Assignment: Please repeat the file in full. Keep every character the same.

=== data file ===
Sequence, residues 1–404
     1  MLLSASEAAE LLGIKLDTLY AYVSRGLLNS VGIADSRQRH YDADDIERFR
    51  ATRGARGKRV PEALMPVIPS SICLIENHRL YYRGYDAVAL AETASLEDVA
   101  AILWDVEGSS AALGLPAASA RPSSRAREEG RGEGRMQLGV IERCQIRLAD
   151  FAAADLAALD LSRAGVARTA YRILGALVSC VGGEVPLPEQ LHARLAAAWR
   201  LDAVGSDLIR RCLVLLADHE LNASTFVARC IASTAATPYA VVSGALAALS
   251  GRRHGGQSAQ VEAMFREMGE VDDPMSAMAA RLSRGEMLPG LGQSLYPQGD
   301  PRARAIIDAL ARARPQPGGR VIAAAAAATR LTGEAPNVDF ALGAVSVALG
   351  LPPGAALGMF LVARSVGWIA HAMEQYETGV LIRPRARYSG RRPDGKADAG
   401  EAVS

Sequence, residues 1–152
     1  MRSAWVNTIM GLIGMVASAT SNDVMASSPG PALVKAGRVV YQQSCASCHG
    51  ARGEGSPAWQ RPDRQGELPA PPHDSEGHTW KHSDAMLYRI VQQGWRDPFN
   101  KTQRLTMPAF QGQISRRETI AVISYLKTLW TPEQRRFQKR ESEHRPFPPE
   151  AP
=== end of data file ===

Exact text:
Sequence, residues 1–404
     1  MLLSASEAAE LLGIKLDTLY AYVSRGLLNS VGIADSRQRH YDADDIERFR
    51  ATRGARGKRV PEALMPVIPS SICLIENHRL YYRGYDAVAL AETASLEDVA
   101  AILWDVEGSS AALGLPAASA RPSSRAREEG RGEGRMQLGV IERCQIRLAD
   151  FAAADLAALD LSRAGVARTA YRILGALVSC VGGEVPLPEQ LHARLAAAWR
   201  LDAVGSDLIR RCLVLLADHE LNASTFVARC IASTAATPYA VVSGALAALS
   251  GRRHGGQSAQ VEAMFREMGE VDDPMSAMAA RLSRGEMLPG LGQSLYPQGD
   301  PRARAIIDAL ARARPQPGGR VIAAAAAATR LTGEAPNVDF ALGAVSVALG
   351  LPPGAALGMF LVARSVGWIA HAMEQYETGV LIRPRARYSG RRPDGKADAG
   401  EAVS

Sequence, residues 1–152
     1  MRSAWVNTIM GLIGMVASAT SNDVMASSPG PALVKAGRVV YQQSCASCHG
    51  ARGEGSPAWQ RPDRQGELPA PPHDSEGHTW KHSDAMLYRI VQQGWRDPFN
   101  KTQRLTMPAF QGQISRRETI AVISYLKTLW TPEQRRFQKR ESEHRPFPPE
   151  AP